Then there is the Provencal seafood risotto (RM48). The risotto is cooked in a seafood stock made from prawn and crab shells and as a result, the aquatic flavours are alive and swimming in this tomato-ey rice dish which is also filled with large tiger prawns, calamari, Pacific clams and mussels. It’s a hearty, wholesome meal that is underscored by the velvety softness of the risotto and the prevailing seafood flavours in the ensemble.
Goh came up with the honey soy glaze perch (RM35) in an effort to include something light amidst all the heavier offerings on the menu. The dish is composed of the fish, Asian cabbage slaw, ginger crustacean broth and in-house dry chilli shrimp pappardelle. It’s a reasonably well-executed dish, but one that doesn’t really leave a lasting impression – nothing really stands out or has a magnetic draw.
For dessert, there are lots of very interesting, Asian-infused options on the table. Like the Bomb Alaska (RM30) for instance. This dessert was inspired by a durian Bomb Alaska that Yeoh and Loo tried in Singapore, and this version includes pandan coconut ice cream and kaya jam, with an Italian meringue exterior and Grand Marnier flambe.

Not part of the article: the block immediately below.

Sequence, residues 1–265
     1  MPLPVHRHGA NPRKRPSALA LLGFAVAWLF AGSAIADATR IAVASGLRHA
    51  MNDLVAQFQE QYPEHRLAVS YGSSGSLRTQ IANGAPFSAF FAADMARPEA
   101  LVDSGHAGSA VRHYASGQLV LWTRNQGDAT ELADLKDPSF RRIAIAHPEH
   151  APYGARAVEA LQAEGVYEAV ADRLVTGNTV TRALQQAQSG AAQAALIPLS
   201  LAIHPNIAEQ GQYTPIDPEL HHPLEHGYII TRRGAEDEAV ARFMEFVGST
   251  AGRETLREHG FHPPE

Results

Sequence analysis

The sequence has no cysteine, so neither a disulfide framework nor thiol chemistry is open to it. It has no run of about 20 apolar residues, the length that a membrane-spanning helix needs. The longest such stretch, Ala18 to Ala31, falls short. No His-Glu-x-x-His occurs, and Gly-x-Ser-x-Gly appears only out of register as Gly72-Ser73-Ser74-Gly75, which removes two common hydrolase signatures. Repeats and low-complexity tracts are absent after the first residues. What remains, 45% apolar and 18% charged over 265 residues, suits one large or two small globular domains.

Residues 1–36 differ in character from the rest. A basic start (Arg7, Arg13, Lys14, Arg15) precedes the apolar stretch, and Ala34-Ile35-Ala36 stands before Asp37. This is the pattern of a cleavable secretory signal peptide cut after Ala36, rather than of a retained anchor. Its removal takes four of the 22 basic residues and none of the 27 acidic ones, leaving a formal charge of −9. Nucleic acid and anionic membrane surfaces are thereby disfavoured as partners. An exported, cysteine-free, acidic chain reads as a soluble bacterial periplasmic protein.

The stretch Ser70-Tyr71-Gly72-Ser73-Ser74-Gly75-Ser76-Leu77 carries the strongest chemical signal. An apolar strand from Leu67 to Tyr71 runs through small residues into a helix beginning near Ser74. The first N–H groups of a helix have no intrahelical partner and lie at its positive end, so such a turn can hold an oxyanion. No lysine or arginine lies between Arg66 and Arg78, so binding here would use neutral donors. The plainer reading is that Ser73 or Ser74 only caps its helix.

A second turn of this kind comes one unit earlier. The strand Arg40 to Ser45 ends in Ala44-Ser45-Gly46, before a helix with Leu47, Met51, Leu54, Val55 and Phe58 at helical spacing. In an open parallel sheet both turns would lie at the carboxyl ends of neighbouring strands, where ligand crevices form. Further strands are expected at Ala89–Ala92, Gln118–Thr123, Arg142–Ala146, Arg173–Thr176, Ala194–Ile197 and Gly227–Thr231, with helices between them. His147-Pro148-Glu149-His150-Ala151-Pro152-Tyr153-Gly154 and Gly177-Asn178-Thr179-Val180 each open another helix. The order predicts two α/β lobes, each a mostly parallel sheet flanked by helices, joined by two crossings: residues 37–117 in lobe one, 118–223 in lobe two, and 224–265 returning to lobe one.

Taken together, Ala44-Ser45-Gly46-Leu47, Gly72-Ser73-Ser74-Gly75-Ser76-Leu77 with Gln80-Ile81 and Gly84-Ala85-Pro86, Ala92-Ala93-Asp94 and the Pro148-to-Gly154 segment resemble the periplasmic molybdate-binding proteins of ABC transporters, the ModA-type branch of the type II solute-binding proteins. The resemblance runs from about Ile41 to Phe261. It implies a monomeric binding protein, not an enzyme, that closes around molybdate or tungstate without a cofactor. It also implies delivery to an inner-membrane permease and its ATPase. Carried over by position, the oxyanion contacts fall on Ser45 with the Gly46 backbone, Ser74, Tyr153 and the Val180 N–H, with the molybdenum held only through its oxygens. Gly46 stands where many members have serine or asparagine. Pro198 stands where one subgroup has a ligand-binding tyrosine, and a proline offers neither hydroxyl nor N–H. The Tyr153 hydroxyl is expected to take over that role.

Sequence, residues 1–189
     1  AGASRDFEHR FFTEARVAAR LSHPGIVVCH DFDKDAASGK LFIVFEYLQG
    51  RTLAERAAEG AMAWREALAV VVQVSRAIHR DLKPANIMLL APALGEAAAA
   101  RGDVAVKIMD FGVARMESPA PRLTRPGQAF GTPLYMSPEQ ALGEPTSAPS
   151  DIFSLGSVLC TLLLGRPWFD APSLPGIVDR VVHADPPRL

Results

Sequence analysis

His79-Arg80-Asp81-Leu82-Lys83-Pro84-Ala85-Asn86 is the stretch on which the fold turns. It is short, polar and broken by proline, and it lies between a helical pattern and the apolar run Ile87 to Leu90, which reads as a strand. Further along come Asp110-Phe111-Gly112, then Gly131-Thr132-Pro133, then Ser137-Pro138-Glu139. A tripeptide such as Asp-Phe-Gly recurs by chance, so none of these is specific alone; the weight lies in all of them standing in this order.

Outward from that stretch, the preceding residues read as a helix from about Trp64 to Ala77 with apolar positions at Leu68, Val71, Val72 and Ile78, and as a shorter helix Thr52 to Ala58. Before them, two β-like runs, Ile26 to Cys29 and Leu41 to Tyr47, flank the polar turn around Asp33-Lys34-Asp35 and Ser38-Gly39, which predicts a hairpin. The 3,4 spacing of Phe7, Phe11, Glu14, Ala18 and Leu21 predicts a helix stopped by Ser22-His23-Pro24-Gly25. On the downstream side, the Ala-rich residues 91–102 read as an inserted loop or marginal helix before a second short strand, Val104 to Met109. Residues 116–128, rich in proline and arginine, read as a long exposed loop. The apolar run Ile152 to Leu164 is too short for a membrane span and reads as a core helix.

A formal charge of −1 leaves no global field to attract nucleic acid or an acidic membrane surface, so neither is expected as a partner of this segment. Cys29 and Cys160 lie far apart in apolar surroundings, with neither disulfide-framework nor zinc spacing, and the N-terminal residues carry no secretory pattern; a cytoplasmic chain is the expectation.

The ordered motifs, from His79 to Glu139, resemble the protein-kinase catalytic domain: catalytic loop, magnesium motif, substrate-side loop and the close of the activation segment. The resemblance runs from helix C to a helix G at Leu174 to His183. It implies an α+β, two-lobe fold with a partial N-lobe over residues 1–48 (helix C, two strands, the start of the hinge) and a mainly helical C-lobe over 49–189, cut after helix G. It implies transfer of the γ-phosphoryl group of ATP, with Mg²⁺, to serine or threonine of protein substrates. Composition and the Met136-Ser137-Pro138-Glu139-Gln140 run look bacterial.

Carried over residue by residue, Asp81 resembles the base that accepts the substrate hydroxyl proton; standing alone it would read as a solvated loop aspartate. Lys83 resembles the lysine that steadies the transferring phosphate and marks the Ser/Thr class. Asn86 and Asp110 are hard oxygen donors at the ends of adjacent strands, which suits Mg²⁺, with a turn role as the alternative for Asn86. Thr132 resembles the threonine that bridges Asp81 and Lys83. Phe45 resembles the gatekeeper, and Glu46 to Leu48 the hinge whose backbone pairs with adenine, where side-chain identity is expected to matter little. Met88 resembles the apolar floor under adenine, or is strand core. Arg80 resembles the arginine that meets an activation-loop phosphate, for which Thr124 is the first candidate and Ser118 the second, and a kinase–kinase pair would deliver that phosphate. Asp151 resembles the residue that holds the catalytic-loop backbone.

This is a revelatory sweet temptation, one that awakens every single one of your pleasure receptors. Each spoonful extracts delicious coconut-pandan-kaya flavours all entombed within a feather soft meringue encasing. It’s really hard not to fall in love at first bite.
The apple feuille de brick (RM22) is just as marvellous, and is a playful take on the classic French mille-feuille, with wafer thin pastry interspersed with apples, topped with salted caramel and enhanced by a house-made Horlicks ice-cream. The assemblage is a clever manipulation of textures and flavours – the sweet yielding of the apples, the flaky crispness of the pastry and the soft cushiony ice-cream. It’s a lovely exploration of the classic apple crumble but taken to new, improved heights.
It’s obvious that everything in this eatery is evocative of true blue comfort food – all the things you crave when life is good, bad or just plain upside down. Goh agrees and says that’s exactly what they were gunning for.
“Yes, that’s what we’re going for. We might take things off the menu and add new things, but we’ll always have comfort food in mind,” he says.
29-1, Level 1
Mid Valley City
Tel: 03-2201 1316
Open daily 11am to 11.30pm